At the same time, state and national officials are pushing legislation to either shut the line down or review whether it is safe enough to continue operating.
On Jan. 12, U.S. Reps. Dave Trott (R-Mich.) and Debbie Dingell (D-Mich.) introduced legislation calling for a shutdown of the pipeline if a federal study determines it poses significant threat to the Great Lakes.
“This new data raises significant concerns about the integrity of Line 5 and the safety of the Great Lakes water supply, our economy and way of life,” Dingell said in an emailed statement to ICN. “A spill in this area would pose a serious threat to the entire Great Lakes region.”
The legislation has been referred to the Energy and Commerce Committee, which Dingell is a member of, and the Transportation and Infrastructure Committee.
At the state level, Republican Sen. Rick Jones introduced legislation in late March to shut down the line.
While politicians from both sides of the aisle raise questions about the pipeline’s safety and its potential threat to the Great Lakes, the Trump administration has moved in a different direction. In an executive order issued on Jan. 24, President Trump ordered an expedited approval process for high priority infrastructure projects—including pipelines. And the administration’s proposed budget would eliminate funding for the Great Lakes Restoration Initiative, a program that directs funds to various state and local environmental projects to protect and restore the lakes.
At a Michigan Pipeline Safety Advisory Board meeting on March 13, Enbridge acknowledged that where the pipeline crosses under the Straits of Mackinac, there are 18 points that have “delaminated,” meaning an outer casing has fallen off. The company said the pipeline is still functioning safely, and there are no locations where bare pipeline is exposed.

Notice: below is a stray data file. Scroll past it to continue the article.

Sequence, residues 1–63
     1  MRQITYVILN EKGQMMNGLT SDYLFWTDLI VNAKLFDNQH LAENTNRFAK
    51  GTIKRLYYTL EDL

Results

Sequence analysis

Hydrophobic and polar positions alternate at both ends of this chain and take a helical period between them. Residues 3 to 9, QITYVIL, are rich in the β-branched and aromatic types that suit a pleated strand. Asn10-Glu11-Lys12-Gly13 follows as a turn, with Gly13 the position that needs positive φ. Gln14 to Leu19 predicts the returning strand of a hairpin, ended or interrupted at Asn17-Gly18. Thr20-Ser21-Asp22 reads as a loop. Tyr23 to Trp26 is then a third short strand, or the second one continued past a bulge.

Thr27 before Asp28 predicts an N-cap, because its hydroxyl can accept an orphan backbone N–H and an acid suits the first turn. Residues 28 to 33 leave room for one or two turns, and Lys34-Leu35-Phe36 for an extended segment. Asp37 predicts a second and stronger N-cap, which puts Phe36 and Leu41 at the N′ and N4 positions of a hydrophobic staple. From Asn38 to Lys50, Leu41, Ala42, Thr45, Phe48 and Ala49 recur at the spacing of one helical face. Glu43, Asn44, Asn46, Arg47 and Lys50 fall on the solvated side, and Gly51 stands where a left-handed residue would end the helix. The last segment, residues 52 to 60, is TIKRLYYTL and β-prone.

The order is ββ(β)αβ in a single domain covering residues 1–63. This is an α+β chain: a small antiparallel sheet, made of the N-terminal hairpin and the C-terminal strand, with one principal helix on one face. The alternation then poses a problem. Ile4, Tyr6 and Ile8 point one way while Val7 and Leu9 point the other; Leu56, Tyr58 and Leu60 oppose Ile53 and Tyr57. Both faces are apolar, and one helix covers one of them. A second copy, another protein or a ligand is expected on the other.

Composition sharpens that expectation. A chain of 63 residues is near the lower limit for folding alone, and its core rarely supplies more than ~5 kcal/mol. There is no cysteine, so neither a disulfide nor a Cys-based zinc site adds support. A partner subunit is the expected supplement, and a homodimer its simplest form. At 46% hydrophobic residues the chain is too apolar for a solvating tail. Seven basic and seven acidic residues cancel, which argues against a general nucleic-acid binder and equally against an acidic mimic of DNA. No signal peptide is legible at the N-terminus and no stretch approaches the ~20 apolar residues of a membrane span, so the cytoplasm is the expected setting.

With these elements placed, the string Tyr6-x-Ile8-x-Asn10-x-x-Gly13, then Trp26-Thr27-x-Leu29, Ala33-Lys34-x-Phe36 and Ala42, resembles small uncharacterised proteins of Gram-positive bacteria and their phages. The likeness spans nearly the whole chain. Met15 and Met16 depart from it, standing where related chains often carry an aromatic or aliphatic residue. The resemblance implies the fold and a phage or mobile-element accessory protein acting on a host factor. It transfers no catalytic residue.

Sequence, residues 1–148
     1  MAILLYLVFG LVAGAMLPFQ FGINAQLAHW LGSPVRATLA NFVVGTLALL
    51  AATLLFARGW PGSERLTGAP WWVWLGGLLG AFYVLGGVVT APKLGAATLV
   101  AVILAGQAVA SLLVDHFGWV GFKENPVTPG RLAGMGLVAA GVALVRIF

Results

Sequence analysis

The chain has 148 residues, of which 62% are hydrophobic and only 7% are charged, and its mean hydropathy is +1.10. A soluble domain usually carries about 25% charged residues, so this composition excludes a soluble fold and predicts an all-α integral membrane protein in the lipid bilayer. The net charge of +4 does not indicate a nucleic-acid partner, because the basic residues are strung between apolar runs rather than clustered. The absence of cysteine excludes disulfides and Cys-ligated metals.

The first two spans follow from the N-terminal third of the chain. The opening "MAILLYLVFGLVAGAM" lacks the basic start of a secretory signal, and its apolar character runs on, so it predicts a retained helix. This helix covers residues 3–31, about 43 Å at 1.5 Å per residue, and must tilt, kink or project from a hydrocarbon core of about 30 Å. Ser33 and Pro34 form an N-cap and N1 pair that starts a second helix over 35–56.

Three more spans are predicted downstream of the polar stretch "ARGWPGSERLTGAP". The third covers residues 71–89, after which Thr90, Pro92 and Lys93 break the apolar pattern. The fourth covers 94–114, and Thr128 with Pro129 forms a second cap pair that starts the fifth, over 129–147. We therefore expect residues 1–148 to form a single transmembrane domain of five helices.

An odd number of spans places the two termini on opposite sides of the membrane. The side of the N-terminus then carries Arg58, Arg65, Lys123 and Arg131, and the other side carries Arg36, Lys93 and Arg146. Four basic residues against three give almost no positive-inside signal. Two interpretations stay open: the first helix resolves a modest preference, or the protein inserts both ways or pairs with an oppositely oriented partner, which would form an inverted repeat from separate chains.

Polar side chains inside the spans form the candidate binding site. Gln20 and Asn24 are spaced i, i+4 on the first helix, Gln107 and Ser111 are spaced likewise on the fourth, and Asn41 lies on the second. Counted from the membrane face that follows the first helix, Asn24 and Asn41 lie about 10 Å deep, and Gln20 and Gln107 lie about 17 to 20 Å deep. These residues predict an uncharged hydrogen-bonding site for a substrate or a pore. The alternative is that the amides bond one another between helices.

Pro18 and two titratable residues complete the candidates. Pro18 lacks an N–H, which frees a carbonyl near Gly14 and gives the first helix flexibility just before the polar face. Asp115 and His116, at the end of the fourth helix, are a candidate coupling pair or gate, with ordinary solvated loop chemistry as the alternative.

“Right now we are focused on several large safety projects scheduled for this summer,” said Barnes, the Enbridge spokesman. “We will be conducting a hydrotest on Line 5 in the Straits, installing additional anchor supports, and completing a study of the Line 5 coating.”
Under a settlement between the Environmental Protection Agency and Enbridge over its pipeline spill in Michigan in 2010, Enbridge must spend $110 million on
safety upgrades across its North American pipeline network, including on Line 5. The Grand Traverse Band of Ottawa and Chippewa Indians in Michigan is challenging that deal.
Carl Weimer, the executive director of the Pipeline Safety Trust, said that the map released by the National Wildlife Federation shows that concerns about pipeline safety and Line 5 should extend beyond the most obviously sensitive areas. “It’s not only where it crosses the Straits,” he said. “There are other concerns.” The spills on the map are found along the entire path of the pipeline.
He also noted that the majority of the spills had been identified by local workers or the public, not by a detection system.
Weimer took heart in one aspect of the data, though. “It appears the size of the spills has decreased dramatically since the late ‘60s, early ‘70s,” he said. “That is what we would hope to see as basic regulations, more inspection requirements, and better materials and technology are employed.”